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Nigeria’s Tramadol crisis: The drug fuelling death, despair and Boko Haram

After a BBC investigation in April showed the extent of codeine addiction in Nigeria, the production of codeine-based cough syrup was banned in Nigeria.

But codeine is not the only opioid scourge spreading across West Africa. Another painkiller, Tramadol, is fuelling widespread addiction – and as the BBC’s Stephanie Hegarty found out, it may even be fuelling insurgency in the north-east.

When Mustafa Kolo, 23, takes the bright red pills he feels like he can push a tree. It’s like his body isn’t his. They obliterate the negative thoughts.

“When I take it, I forget everything,” he says.

It’s 10:00, Mr Kolo and his friend Modu Mohamed are with their boss, the commander of a vigilante unit set up to protect the city of Maiduguri from Boko Haram.

The young recruits are clearly uncomfortable.

‘People have lost everything’
“How many did you take today?” I asked them.

“Today? None,” came the reply.

Mr Kolo’s eyes are dark and bloody red, he slurs slightly as he talks. Mr Mohamed is listless and distracted. His head is hanging between his bony shoulders.

It’s obvious they’re lying. The commander steps in and urges them to tell the truth.

“I used to take three to four when I first began taking it. But now I have reduced it to one or half,” Mr Kolo says, unwilling to go further.

In this troubled town, thousands of people are addicted to Tramadol – the vigilante fighters, those displaced by the war and even the militants themselves.

Mustafa Kolo says the pills help him when he is in the bush fighting Boko Haram

The cheap opioid painkiller is meant to be used to treat moderate to acute pain. But, like most opioids, it is addictive – although just how addictive is a matter for debate.

The World Health Organization (WHO) says Tramadol is generally thought to have a “low potential for dependence relative to morphine”.

But the epidemic of addiction erupting across West Africa could yet disprove that.

“The problem is really huge,” says Marcus Ayuba, head of Nigeria’s National Drug Law Enforcement Agency (NDLEA) in Borno state, bowing his head sadly.

“It’s really huge.”

Mr Ayuba runs a drug treatment centre in Maiduguri, the state capital where, by his own estimate, one in three young people are addicted to the drug – an epidemic which, he believes, can be traced back to a decade of war.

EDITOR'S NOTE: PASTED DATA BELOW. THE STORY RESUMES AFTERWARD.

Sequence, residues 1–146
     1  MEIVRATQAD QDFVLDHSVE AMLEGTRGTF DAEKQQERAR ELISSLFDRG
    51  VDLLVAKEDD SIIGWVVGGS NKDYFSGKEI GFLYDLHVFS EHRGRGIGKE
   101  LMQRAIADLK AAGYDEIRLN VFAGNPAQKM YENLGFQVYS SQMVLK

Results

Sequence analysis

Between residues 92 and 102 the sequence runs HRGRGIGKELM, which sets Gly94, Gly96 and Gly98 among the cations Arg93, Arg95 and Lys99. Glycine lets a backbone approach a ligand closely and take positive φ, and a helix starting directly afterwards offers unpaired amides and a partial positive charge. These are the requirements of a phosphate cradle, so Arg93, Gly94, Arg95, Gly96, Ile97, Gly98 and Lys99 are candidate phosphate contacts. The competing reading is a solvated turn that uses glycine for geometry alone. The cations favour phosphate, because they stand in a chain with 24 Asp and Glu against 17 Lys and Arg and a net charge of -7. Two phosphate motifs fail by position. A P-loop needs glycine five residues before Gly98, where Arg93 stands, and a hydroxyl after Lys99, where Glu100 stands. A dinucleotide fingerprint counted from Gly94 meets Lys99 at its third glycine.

“People have lost everything,” he says. “They are young people who were basically farmers, they’ve lost their farms, their homes.”

“Parents have seen children killed in their presence,” he adds.

Mr Ayuba says during counselling, people have told him, “What else can we do? We just want to get out of the world.”

But the crisis didn’t bring Tramadol to Nigeria. Mr Kolo started taking Tramadol in 2007, two years before the insurgency began.

At first, he says he took it to help him to work. It dulled the pain of physical labour while helping to keep him awake.

But now because of his addiction, he can’t get work. Instead he volunteers with the civilian vigilante force.

“It really helps me in fighting Boko Haram,” he says. “When I go into the bush, even the way I run, the way I walk, it’s different. It gives me strength.”

But the enemy too seems to have caught on to this trick.

An army of addicts
A former militant fighter is sitting in a soft, lilac coloured Hawaiian shirt.

The 21-year-old is in the custody of the Nigerian army after running away from Boko Haram in January.

For four years, he lived in a forest camp where there wasn’t enough food or water – but there was Tramadol.

“When you are going for a military operation you will be given it to take, otherwise if you take it you will be killed,” he says.

“They told us when you take it you will be less afraid – you will be strong and courageous.”

The drug was once plentiful, but in the past few months, as the Nigerian army closed in on their camps, supplies became scarce.

Credit: BBC

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